Carter: Hamas Ready To "Live" With Israel

Former President Jimmy Carter, accompanied by his wife Rosalynn, is seen upon arriving at Queen Alia International airport, in Amman, Jordan, Sunday, April 20, 2008.
AP Photo/Jamal Nasrallah
Former President Jimmy Carter on Monday said Hamas is prepared to accept the right of Israel to "live as a neighbor next door in peace".

His comments came after he met last week with the top Hamas leaders in Syria.

Carter also said Hamas won't undermine Palestinian President Mahmoud Abbas' efforts to reach a peace deal with Israel. He said Hamas is ready to accept a Palestinian state made of the West Bank and Gaza.

Carter made the comments during a speech in Jerusalem on Monday.

The former U.S. president also said it's a "problem" that Israel and the U.S. refuse to meet with Hamas.

"The problem is not that I met with with Hamas in Syria," he said. "The problem is that Israel and the United States refuse to meet with someone who must be involved."

Carter also said Israeli-Palestinian peacemaking has "regressed" since a U.S.-hosted Mideast conference in Annapolis, Maryland, in November.

Speaking about the possibility of renewed peace talks between Israel and Syria, he said Syria wants the U.S. to play a "strong role" in bringing to two sides together.

He also said Hamas has promised to let captured Israeli soldier Gilad Shalit send a letter to his parents.

The State Department twice advised Carter against meeting Hamas leaders before he left on his Mideast trip early last week. Secretary of State Condoleezza Rice criticized Carter's plans to meet Hamas chief Khaled Mashaal in Syria. It was the first public contact in two years between a prominent American figure and Hamas' leadership

Several members of Congress also urged Carter not to meet Mashaal, saying it would confer legitimacy on the group behind some 250 suicide bombings against Israelis that have killed numerous civilians.

But Carter, who brokered the 1978 Israeli-Egyptian peace and won the Nobel Peace Prize in 2002, defended what he called his personal peace mission, saying Hamas must be engaged in order to achieve Israeli-Palestinian peace.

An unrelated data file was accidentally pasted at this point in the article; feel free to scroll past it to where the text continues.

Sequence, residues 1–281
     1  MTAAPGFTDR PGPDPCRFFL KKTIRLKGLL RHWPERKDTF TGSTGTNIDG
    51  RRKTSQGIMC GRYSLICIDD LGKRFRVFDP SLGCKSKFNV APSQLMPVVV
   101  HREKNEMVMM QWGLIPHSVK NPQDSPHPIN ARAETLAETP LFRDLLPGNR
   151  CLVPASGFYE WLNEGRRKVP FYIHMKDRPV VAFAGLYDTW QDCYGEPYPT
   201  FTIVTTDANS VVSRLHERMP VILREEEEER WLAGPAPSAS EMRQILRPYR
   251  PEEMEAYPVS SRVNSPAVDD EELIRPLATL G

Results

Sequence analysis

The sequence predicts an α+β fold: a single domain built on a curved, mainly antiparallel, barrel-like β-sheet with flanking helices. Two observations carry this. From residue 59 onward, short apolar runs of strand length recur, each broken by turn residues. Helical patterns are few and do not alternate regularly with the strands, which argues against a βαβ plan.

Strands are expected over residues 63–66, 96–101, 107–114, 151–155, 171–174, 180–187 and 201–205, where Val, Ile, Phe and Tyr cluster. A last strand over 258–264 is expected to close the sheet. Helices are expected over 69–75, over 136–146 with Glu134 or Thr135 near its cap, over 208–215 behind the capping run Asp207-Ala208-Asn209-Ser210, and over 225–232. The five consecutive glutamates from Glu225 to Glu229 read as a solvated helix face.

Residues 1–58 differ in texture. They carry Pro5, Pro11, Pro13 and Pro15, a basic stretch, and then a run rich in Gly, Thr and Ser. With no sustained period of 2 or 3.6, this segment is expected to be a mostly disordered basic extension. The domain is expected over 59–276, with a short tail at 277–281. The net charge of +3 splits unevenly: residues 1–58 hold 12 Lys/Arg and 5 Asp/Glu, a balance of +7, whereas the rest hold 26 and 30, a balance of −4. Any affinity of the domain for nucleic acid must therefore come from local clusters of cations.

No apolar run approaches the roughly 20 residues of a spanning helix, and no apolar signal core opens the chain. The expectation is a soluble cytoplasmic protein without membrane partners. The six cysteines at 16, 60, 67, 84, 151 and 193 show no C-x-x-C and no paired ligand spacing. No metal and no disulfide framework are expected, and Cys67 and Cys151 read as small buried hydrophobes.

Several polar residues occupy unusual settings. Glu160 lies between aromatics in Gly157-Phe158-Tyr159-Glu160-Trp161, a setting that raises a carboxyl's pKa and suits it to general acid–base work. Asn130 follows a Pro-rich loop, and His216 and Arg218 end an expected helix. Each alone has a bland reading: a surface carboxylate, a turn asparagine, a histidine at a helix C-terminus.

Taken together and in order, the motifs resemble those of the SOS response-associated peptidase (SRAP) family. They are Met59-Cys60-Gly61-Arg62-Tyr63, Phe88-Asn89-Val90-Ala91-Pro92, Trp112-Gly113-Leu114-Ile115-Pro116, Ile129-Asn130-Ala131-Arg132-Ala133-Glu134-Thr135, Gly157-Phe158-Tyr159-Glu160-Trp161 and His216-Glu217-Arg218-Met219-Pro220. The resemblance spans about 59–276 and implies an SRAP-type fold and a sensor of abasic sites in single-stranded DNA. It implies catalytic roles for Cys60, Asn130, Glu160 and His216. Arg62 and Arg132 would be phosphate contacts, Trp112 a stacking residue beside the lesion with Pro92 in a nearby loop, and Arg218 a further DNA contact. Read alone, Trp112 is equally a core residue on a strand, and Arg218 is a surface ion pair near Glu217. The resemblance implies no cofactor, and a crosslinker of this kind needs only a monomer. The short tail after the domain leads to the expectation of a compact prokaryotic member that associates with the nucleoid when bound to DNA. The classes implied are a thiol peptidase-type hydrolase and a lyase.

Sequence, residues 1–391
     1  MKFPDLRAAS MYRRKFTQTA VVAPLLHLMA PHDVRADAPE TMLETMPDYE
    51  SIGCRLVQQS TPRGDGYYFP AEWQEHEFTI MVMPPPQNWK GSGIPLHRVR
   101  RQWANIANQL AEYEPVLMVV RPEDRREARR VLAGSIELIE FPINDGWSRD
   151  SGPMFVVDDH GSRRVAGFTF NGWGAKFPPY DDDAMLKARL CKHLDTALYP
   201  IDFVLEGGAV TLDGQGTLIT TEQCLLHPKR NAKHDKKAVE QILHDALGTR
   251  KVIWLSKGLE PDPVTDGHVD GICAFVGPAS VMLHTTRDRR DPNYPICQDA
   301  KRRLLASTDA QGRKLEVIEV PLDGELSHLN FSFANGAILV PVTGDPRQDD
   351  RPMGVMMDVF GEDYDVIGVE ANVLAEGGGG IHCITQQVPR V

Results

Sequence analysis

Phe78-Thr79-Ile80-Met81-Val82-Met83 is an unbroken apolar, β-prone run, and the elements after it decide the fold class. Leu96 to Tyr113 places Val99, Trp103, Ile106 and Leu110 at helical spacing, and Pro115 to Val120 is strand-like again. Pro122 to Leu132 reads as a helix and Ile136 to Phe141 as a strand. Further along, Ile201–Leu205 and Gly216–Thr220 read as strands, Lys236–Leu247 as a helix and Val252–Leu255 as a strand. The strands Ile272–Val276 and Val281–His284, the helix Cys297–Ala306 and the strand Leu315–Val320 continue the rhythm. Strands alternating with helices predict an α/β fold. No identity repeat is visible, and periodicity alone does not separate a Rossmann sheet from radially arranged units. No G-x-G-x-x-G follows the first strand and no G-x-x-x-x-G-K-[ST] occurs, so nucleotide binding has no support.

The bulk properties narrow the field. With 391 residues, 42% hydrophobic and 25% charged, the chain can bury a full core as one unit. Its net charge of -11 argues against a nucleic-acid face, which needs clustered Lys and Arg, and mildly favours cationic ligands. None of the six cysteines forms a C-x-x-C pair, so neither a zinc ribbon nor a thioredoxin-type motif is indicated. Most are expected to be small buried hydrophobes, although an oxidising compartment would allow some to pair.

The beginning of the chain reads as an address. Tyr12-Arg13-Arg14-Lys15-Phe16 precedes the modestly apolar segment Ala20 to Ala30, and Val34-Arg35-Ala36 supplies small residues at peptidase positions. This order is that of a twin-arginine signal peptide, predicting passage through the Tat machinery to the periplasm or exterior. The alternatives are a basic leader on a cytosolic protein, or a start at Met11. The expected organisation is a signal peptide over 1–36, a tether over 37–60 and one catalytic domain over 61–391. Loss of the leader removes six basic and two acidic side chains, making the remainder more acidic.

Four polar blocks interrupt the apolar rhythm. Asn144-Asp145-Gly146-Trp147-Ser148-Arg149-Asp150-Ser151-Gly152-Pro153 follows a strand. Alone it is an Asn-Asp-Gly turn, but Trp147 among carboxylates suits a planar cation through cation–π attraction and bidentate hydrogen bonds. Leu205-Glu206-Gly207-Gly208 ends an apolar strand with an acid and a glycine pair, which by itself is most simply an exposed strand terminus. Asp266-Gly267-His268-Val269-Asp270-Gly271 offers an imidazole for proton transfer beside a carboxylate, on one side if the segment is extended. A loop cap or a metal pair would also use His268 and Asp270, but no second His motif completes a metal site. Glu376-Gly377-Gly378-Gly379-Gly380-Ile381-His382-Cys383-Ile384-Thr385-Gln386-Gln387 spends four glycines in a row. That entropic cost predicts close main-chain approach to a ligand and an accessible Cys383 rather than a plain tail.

The United States designated Hamas a terrorist organization in January 1995, which made it a violation to conduct any financial or business transaction with the group.

Shortly after Hamas claimed responsibility for an August 19, 2003 suicide bombing in Jerusalem that killed 20 people including four U.S. citizens, the Treasury Department's Office of Foreign Asset Control named a number of Hamas leaders as "specially designated global terrorists." They included Mashaal and Abu Marzouk and the designation made it illegal to conduct any transactions with them.

Israel also brands Hamas a terrorist organization and has accused Mashaal of masterminding the kidnapping of Shalit near Gaza two years ago. Israel has also blamed Mashaal and the group's Damascus-based leadership of directing suicide bombings such as the September 2004 attacks that killed 16 Israelis in the southern city of Beersheba.

Israel tried to kill Mashaal in 1997, when agents sprayed him with poison on a street in Amman. Jordan's late King Hussein, who had signed peace with Israel in 1994, forced Israel to send the antidote that saved his life.

Afterward, Jordan expelled Mashaal to Qatar as the kingdom's ties with Hamas deteriorated, and he moved to Damascus in 1999.